By on February 14, 2020

Unlike the 1956 Packard Predictor concept, which foretold nothing but GRIM DEATH for the once-proud marque, Hyundai’s Prophecy is living in happier times. The Korean automaker is on the upswing again, thanks to an influx of crossovers, but the brand’s future shares an uncertainty with other automakers. Namely: will anyone buy their electric cars?

Bound for next month’s Geneva Motor Show, the Prophecy hints at the shape of electric Hyundais to come. (Read More…)

By on February 14, 2020

A lofty, high-performance electric vehicle currently headed down the Kia product pipeline is, like all EVs, something of a gamble. For the mainstream Korean automaker, it’s also a departure.

Heralded by last year’s striking Imagine concept, the upcoming coupe-like crossover will clearly be a way for Kia designers to make a name for themselves — and, Kia hopes, a way for big-bucks buyers to get more for their money. (Read More…)

By on February 14, 2020

Mercedes-Benz S-Klasse Cabriolet; A 217; 2018 - Image: Mercedes-Benz

As cost-cutting born partly of stricter environmental mandates take hold across the industry, low-volume specialty cars and less-popular body styles are getting a rethink. Model lines are being consolidated or dropped, leaving the consumer with less choice than before.

At Mercedes-Benz, which currently fields a dizzying array of vehicles spanning the gamut (minus the pickup segment), the future holds less selection for the consumer who likes to go his or her own way. Bound for the chopping block are the stately S-Class coupe and convertible, and two four-doors also look to be on the way out.

We’ve arrived at a Sophie’s Choice moment. (Read More…)

By on February 13, 2020

If a report in Car and Driver is correct, Porsche’s Leipzig assembly plant will soon be home to two overlapping eras — internal combustion, and what comes next. The site, upgraded in the previous decade, handles production of the Macan, which Porsche claims will don an all-electric powertrain for its next generation.

Not so fast, say company insiders. (Read More…)

By on February 13, 2020

Dave Pericak, former head of Ford Performance and now responsible for the brand’s icon models, told CNET on the sidelines of the Chicago Auto Show that evolving environmental regulations have forced the automaker to reassess how it views performance.

“A lot of countries are changing regulations so quickly, and so much, they’re almost forcing the performance products out,” he said.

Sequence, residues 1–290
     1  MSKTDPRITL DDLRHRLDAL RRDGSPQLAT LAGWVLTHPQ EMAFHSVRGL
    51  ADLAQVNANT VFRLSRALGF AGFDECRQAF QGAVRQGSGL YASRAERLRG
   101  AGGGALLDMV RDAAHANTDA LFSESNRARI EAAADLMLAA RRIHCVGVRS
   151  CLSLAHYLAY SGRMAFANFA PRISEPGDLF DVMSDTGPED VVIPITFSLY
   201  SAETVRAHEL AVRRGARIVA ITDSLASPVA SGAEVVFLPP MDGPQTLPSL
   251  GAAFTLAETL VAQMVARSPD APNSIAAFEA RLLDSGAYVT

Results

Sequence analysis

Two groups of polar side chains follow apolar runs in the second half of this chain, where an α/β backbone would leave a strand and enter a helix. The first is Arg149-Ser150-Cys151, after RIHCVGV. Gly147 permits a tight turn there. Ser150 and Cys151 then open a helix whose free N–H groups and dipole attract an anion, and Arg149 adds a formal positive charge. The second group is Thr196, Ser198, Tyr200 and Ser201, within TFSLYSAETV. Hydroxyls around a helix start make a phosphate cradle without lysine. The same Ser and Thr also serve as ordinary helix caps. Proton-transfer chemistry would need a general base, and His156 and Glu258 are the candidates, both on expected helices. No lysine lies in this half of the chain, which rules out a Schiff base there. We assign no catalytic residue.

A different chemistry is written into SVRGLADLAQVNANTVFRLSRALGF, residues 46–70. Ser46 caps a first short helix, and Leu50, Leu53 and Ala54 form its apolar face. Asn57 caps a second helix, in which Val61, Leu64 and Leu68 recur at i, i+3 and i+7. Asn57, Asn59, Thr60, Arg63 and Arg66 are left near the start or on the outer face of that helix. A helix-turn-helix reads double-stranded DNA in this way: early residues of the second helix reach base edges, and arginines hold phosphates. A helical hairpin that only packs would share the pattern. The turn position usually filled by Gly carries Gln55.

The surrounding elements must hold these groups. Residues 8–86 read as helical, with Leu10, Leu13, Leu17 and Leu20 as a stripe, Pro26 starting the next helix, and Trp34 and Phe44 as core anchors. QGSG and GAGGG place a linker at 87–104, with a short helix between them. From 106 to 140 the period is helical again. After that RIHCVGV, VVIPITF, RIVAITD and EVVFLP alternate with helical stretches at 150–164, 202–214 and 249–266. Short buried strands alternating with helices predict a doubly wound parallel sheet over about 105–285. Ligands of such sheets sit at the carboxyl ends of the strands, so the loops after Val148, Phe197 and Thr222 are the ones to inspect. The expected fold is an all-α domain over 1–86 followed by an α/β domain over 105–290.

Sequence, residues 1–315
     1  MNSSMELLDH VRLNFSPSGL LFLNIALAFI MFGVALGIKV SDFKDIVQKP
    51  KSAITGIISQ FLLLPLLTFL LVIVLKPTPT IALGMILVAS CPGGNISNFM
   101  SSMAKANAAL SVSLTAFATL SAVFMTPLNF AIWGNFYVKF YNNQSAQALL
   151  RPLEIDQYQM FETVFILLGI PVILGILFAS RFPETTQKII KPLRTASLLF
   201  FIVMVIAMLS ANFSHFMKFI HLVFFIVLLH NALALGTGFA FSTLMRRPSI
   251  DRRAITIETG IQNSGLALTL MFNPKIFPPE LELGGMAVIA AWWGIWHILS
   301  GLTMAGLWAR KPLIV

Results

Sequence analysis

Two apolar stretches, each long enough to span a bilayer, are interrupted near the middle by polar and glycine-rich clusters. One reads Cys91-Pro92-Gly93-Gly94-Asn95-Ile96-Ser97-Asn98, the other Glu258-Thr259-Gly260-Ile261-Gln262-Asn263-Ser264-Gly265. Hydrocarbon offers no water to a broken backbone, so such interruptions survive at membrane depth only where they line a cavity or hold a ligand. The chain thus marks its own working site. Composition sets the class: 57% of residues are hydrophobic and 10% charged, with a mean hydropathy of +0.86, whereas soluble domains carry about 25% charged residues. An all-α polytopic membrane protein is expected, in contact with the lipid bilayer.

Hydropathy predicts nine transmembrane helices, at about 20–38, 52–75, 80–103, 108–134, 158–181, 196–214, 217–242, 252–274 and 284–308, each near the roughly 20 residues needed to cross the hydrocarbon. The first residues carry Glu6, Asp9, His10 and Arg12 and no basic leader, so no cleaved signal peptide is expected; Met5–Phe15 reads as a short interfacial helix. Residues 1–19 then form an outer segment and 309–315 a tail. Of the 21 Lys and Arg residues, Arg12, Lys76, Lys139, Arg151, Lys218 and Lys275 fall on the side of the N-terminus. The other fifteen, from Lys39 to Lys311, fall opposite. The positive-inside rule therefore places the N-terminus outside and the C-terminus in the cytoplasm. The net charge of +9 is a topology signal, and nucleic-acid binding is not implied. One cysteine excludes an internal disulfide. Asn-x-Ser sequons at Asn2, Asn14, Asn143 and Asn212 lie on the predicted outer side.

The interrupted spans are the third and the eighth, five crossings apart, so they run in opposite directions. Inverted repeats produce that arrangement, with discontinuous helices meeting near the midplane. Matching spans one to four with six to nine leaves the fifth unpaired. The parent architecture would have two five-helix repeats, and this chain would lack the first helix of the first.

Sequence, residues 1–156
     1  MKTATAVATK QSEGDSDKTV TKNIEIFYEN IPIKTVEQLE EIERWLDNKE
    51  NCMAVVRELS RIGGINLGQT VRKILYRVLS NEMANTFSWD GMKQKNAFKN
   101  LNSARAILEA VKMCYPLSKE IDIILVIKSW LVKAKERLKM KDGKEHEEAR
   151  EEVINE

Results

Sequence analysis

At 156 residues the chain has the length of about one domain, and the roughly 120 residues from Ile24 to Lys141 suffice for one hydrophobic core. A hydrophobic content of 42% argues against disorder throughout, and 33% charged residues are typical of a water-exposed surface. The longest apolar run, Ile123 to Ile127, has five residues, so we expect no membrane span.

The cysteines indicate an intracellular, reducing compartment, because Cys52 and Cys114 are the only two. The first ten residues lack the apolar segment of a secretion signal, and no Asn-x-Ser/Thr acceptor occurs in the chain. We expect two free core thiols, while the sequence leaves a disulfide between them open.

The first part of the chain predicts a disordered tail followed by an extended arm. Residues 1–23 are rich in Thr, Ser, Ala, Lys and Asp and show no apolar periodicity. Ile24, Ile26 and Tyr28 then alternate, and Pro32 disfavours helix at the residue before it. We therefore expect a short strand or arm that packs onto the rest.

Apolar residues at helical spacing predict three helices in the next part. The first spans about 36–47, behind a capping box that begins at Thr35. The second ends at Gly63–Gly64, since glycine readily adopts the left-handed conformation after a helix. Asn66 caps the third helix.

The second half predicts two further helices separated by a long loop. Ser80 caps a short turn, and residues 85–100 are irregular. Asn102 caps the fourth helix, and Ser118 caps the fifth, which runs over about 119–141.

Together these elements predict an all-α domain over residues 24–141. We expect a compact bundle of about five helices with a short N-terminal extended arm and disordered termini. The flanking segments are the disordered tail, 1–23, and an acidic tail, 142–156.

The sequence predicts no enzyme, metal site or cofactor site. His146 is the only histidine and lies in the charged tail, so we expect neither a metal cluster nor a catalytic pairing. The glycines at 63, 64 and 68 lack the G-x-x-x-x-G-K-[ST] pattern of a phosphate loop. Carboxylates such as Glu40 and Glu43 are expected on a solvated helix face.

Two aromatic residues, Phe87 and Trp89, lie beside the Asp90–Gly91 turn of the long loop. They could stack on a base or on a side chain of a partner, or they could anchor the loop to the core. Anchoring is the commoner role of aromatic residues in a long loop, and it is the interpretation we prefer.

“Our job is going to be two-fold,” Pericak continued. “One is to figure out how to continue to make performance that will exist in some of these regulated countries, even our own, and how do you do it so it’s a global offering?”

It’s a good question. Environmental regulations have indeed forced automakers to downsize displacement and re-familiarize themselves with turbocharging. Electrification is an option growing in popularity too, with many global automakers tossing battery packs into vehicles of all sizes at no small cost to themselves.  (Read More…)

By on February 13, 2020

2003 Dodge Dakota 5.9 R/T, Image: Chrysler

File this tidbit under the “no shit” banner. Fiat Chrysler has been without a mainstream midsize pickup since the beginning of the previous decade, and the automaker’s dealer council is sick of waiting.

A our own Tim Cain told you recently, 2019 brought the public’s growing desire for midsize pickups into stark clarity. The segment’s hot and, with the addition of the Ford Ranger, growing. FCA dealers want a slice of that action. (Read More…)

By on February 13, 2020

1974 Lincoln Continental Mark IV in Denver junkyard, front view - ©2019 Murilee Martin - The Truth About Cars

Nearly two years ago we asked whether the resurgent Lincoln brand should just give up on passenger cars in favor of an all-SUV lineup. Back then, things were heading in the wrong direction for the two remaining Lincoln cars, the Fusion-based MKZ and the equally Fusion-reliant Continental. Fast-forward a couple of calendars and the situation has almost reached its inevitable conclusion.

The MKZ will bow out before the end of the year, and 2021 spells the end for the Continental’s brief return to the full-size luxury car segment. In this regard Lincoln is acting like Buick, though GM’s semi-premium marque stands to reach car-free status first. Can you envision a time when Lincoln finds it worthwhile to introduce a new passenger car? (Read More…)